The future of workplaces in a 'New Work' culture.
The traditional way of working in a cubicle in an office setting with fixed working hours has been challenged for quite some time. Since the development of smartphones, laptops, tablets, and other electronics with the abilities to create, organize, and communicate from basically everywhere, the way of working has changed.
The “New Work” culture allows employees to be as productive from the place that is most convenient to them as they would be in the office. At the same time, a lot of companies are going through a structural and cultural change as well as a digital transformation phase. For a lot of jobs, advanced technologies and applications enable employees to work everywhere at any time without having to be at the corporate office. Therefore, even before the Covid-19 pandemic, there was an increase in the demand and usage of co-working spaces and public locations as workspace. Hotel lobbies, airports, coffee shops, even some outdoor spaces, people are taking advantage of the flexibility to get work done. The Covid-19 pandemic just accelerated the adaptation to the “New Work” culture.
Besides the positive aspects of the newly won flexibility which can improve work-life-balance, the “New Work” culture also creates a new situation for HR departments to define policies that address the questions concerning work guidelines. When does work start and end?
In a world where mobile devices make you available all the time, a clear separation of work and private life can be challenging. Work-life-blending is the consequence of not being able to totally separate work from your private life. According to a study with 299 German participants conducted by Capterra, 53% of the employees that are “working from home” are taking calls before or after the regular work hours and 48% even work on the weekends. Yet, the work-life-balance is evaluated to be better through working from home, whereas the visibility of work and career development opportunities decreases. It seems like being constantly available and the extended work hours take a toll on the mental health of a significant number of employees. The study found out that 44% of employees experienced some form of burnout since they started to work from home. Even more reported that their employer did not address the issue with their employees.1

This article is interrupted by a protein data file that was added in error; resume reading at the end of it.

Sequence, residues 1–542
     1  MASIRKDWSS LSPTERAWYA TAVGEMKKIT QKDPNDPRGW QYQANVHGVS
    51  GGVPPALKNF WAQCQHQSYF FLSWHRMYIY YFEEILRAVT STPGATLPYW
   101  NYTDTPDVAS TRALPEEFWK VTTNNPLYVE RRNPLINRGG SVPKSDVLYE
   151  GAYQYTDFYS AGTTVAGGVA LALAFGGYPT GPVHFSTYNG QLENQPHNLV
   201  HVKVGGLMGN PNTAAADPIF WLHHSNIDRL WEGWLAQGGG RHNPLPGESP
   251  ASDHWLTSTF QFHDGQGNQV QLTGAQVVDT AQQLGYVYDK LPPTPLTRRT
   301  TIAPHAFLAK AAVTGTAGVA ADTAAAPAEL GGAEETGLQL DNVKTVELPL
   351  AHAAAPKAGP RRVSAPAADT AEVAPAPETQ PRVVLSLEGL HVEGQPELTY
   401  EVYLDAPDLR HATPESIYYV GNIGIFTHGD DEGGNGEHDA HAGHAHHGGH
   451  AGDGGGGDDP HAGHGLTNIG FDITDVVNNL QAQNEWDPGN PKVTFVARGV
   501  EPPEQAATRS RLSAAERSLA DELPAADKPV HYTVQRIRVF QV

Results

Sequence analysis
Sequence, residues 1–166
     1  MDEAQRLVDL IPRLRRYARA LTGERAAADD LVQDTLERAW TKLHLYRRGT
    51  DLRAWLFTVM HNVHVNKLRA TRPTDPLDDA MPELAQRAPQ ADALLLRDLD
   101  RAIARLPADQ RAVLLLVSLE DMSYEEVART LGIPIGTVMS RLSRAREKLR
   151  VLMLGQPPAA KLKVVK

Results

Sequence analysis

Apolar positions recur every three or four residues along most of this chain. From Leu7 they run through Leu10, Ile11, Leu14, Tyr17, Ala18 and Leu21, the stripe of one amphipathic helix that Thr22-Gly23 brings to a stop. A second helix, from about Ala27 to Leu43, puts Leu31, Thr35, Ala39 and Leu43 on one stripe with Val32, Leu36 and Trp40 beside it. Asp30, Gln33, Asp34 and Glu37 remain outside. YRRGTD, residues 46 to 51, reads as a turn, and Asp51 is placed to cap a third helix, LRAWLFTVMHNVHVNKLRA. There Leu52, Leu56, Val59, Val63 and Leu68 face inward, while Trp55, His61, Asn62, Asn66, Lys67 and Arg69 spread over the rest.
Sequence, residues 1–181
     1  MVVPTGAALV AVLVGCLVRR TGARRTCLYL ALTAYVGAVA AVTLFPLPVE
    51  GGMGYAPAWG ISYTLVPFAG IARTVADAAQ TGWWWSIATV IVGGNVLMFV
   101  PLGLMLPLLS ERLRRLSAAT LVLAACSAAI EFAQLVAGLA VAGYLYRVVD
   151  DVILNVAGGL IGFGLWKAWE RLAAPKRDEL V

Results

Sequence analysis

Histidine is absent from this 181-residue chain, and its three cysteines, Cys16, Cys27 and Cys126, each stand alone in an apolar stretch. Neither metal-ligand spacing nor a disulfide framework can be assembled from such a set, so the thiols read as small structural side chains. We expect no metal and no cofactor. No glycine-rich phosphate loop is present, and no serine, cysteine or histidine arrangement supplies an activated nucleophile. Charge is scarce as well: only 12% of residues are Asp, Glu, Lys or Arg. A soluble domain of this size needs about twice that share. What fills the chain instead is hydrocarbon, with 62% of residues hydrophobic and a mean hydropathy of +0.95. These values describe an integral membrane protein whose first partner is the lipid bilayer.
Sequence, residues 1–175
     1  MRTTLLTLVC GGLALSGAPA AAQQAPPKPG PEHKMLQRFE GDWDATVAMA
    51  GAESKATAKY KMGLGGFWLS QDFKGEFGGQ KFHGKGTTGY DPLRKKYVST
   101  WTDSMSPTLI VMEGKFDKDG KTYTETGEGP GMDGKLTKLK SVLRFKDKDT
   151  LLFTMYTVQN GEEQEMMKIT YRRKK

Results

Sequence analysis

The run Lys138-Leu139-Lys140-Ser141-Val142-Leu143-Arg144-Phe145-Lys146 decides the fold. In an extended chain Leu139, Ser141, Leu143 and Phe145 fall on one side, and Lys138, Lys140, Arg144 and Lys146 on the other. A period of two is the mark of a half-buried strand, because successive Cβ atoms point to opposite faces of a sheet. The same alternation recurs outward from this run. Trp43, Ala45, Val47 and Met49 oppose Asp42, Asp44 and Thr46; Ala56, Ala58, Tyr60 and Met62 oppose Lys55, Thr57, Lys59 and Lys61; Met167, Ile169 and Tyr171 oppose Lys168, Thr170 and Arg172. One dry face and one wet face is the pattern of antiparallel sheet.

It is apparent that “New Work” has a lot of advantages as well as disadvantages. Companies are now analyzing the data gathered to create workplace opportunities that suit the needs of their employees. How this will look like differs from company to company though. The German software giant SAP for example is planning to give their employees complete freedom to decide where to work from, either from home, on the go, or in the office. On the other hand, industry leaders in the banking sector, like Goldman Sachs and JPMorgan Chase are implementing strict return to office policies to bring back the workforce.
Many companies are working on implementing a hybrid model. An overwhelming majority of the workforce seems to be in favor of a hybrid work model where they can keep the flexibility of working from home/working from everywhere but are also not missing out on in-person collaboration and face-to-face interactions with their colleagues. Regardless of what type of work model companies are planning to implement in the future, the typical widely spread 9-5 office working world that we have known from the times before the pandemic is dead.
The office we knew where most people have their assigned cubicle and are buried in work throughout the day using the bathroom run or a coffee break as a short escape will not return post-Covid19. The future of offices will include open spaces, rooms for collaboration, conference rooms, focus on in-person interactions, product launches, and digital applications. Overall, the office will be a place and environment employees look forward to being in.
Digital tools and applications will provide an easy and helpful employee journey from the first to the last touchpoint with the company. It is expected that there will be an arms race in providing the best employee journey on corporation’s campuses and offices. Providing the most impressive and up-to-date environment for employees to feel inclusive, appreciated, and equipped with everything needed to be successful will be an important recruiting tool, for keeping employees in the company but also to attract new talent.
We can only encourage companies to think about how digital can positively impact their business through four building blocks:
Smart and transformable spaces, allowing intuitive use by anyone
Empowered collaboration to build and maintain work ethics and culture
Accessible and elevated learning and well-being to support individual growth
Digital systems and apps to streamline or accelerate processes
Our team at Digital Innovation has a proven track record of designing and implementing Digital Workplaces that make companies competitive for the future. Check out our Case Studies for more information on the work we've done.
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1 - Ines Bahr, „Work-Life-Blending: Wie die Grenzen zwischen Arbeitsplatz und Privatleben verschwimmen“, www.capterra.com.de/blog/1934/work-life-blending
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